This post will discuss the programming and results for the second test circuit.
Existing code that controlled the acceleration of the prototype MROC was used, and data logger code was embedded within it.
The Cytron Motor Driver libraries needed to be downloaded.
Unlike the previous MROC test circuit (Version 1) that used only digital output pins, this circuit uses both digital analog pins. This is because for the MROC prototype, the vehicle slowly accelerates and decelerates, and therefore, the analog pins would need to be used to simulate that on the test circuit. Using analog pins “redForward A2” and “blackReverse A6” would allow the LED to slowly get brighter when the associated switch was pressed and get dimmer when the switch was off.
This is also contrary to Version 1 where the LEDs just turned on and off automatically.
The code is the same for connecting to the built-in SD card.
In void setup the pin modes were set. The motor speed was also set to 0 because there is no motor moving initially, and for the test circuit simulation, there is no motor at all.
Also in the “void setup” section the program was set to check for the SD card to be inside of the data logger before proceeding. If it was not, the program printed an error and stopped running.
The rest of the void section is the same as Programming and Results – Version 1 and the code can be viewed here: https://gbgdatalogger.ieeecbu.org/2021/02/11/data-logging-with-the-nano-shield-programming-and-results/
This is the void loop section of the code that deals with the acceleration of the MROC when it is moving forward and in reverse.
The next section of the code is an overview of how the forward motor direction was programmed. It includes code for when the motor is moving and when it stops.
Inside of the button condition for reverse high and reverse low, you will see a variable titled “msge.” This creates a text string to print the associated case (in this case “Forward”) to the data logger’s SD card.
Also, in this section, you will see a call function titled “printTime()”. This function is declared at the end of the program in a void statement and has additional information inside. When the program is running and reaches this function, it will call the void printTime() statement to determine the next steps.
Note: “msge” and “printTime()” appear in each of the four cases (“Forward”, “Forward Stop”, “Reverse”. and “Reverse Stop”).
This section depicts the code for the reverse motor direction. It is similar to the code for the forward motor direction.
We place the “printTime()” call function in a void statement at the end of the code. The “printTime()” function houses most of the data logger commands required to keep track of the time and direction and store the information on to the text file on the SD card.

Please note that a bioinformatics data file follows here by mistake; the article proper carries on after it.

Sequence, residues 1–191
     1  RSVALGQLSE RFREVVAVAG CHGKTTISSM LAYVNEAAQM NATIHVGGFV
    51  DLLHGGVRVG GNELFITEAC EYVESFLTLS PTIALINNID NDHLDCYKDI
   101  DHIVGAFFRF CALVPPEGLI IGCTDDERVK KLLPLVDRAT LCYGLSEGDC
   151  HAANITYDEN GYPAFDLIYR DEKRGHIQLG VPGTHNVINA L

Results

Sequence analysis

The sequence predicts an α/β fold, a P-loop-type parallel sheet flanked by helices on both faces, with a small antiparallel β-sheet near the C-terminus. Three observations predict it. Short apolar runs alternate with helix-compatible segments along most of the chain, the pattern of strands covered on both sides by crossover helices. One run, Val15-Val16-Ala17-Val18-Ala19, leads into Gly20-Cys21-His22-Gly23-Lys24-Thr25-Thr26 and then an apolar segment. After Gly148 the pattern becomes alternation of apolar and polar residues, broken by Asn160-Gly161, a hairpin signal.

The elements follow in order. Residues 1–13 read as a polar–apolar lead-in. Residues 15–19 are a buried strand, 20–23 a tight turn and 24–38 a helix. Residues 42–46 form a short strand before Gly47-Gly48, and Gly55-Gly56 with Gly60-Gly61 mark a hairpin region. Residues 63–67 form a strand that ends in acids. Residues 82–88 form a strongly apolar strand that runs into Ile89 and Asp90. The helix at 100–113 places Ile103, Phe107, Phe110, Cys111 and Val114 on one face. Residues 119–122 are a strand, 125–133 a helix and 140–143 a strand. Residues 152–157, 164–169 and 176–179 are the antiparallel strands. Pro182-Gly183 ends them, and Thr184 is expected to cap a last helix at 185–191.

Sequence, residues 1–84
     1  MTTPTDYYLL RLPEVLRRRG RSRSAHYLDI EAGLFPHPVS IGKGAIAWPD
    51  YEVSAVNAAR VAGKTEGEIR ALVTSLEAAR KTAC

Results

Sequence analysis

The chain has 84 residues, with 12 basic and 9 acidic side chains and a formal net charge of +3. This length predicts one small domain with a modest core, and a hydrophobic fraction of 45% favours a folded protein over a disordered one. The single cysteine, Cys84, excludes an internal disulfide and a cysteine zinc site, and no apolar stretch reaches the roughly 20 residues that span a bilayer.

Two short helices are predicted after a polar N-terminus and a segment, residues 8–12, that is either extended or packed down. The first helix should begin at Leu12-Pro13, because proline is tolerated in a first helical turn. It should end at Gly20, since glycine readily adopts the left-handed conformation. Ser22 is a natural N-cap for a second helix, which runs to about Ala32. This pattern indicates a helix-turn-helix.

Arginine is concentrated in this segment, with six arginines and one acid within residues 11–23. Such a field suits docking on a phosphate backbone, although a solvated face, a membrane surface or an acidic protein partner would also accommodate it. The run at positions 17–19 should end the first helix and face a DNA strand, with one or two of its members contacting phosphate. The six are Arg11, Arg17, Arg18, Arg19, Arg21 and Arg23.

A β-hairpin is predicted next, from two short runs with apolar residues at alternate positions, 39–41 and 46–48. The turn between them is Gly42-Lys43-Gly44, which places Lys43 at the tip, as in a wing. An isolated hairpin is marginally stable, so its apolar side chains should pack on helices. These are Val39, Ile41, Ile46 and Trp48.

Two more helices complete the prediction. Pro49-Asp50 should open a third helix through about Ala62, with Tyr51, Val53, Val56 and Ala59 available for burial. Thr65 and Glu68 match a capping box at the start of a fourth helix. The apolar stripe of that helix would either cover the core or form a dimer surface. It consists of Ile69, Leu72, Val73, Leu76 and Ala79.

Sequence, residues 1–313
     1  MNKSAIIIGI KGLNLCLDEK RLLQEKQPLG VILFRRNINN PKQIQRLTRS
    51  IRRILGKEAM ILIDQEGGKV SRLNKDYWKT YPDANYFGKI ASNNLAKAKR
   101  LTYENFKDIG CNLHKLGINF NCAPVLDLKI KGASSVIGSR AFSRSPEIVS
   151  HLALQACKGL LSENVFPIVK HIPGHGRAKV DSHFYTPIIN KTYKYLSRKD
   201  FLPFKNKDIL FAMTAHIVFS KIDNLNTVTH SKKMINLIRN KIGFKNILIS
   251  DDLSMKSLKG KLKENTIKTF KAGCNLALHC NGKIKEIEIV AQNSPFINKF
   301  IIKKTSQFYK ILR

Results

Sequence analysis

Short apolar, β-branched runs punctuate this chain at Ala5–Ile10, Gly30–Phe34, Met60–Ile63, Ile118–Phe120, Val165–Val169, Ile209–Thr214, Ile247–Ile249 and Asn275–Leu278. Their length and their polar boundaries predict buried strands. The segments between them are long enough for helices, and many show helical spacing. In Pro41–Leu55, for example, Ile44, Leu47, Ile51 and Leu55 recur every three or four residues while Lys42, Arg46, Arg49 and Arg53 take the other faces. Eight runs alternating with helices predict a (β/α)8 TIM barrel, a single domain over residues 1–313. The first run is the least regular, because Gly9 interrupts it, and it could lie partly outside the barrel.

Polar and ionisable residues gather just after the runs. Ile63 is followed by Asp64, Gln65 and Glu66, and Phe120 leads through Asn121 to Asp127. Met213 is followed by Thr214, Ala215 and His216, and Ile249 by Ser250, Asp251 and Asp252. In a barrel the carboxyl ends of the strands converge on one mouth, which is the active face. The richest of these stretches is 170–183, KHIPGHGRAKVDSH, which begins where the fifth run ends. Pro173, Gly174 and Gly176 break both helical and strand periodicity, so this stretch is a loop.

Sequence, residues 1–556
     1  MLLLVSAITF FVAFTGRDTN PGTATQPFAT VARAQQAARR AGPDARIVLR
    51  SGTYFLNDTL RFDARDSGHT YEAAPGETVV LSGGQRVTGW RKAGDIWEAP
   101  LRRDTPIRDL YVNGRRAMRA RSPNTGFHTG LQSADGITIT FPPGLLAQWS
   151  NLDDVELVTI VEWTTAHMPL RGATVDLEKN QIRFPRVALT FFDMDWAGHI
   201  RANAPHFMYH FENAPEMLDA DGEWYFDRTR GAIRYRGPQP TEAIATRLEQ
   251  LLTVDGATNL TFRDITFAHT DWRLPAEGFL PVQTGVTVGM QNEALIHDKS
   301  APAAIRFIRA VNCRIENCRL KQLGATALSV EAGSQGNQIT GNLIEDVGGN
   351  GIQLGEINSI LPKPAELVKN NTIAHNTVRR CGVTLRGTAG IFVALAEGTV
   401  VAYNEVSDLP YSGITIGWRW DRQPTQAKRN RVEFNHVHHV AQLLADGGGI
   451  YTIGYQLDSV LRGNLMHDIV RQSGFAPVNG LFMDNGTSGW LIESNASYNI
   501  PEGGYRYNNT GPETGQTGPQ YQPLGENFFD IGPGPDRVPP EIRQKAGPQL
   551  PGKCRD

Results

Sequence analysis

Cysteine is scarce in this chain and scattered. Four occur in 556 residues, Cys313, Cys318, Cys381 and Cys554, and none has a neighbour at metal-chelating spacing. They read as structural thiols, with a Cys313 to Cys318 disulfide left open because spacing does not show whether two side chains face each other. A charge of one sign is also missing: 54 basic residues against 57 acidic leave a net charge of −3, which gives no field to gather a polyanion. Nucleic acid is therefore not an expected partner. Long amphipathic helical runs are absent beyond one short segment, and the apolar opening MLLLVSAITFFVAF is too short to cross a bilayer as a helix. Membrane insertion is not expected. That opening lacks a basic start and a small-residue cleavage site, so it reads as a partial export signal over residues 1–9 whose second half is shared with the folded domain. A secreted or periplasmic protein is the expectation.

By developing a call function, and calling that function within the “Forward,” “Forward Stop,” “Reverse,” and “Reverse Stop” sections of the code, we were able to print the time only when a case took place as depicted in the results section.
This was a major problem that was encountered throughout the testing and programming phases of each device. We wanted to know solely when the MROC began moving forward, when it stopped, and the same for the reverse direction.
In the Test Circuit – Programming and Results – Version 2, we were successful in accomplishing that.
After the coding portion was complete, it was time to upload it to the Nano.
However, upon uploading, we ran into some difficulty.
The device began to get really hot, and the COM port on the Arduino IDE never recognized the Nano. After careful inspection, it was determined that there was a short in the circuit.
After resolving that problem, we faced another issue. We were able to upload the code, but the LED that was connected to D6 did not turn on when the respective switch was pressed.
We spent a while checking all of the connections. We also took some voltage readings. During these readings, it was concluded that the circuit was functioning as it was supposed to and all of the connections were correct. Therefore, it became apparent that there might be a component issue, such as a resistor.
It turned out that the resistor connected to the D6 LED was the incorrect value, and after replacing that with the correct value, the LED turned on and off as expected.
Here is a look at the results of Version 2:
The program prints the time and date that the switch is in a forward case, when it has stopped being in the forward case, and likewise for the reverse cases.
This has been an obstacle for the length of this project, and it was finally able to be overcome.
To expand, the results can simply be uploaded to an Excel file where further analysis can be made. An example is seen below: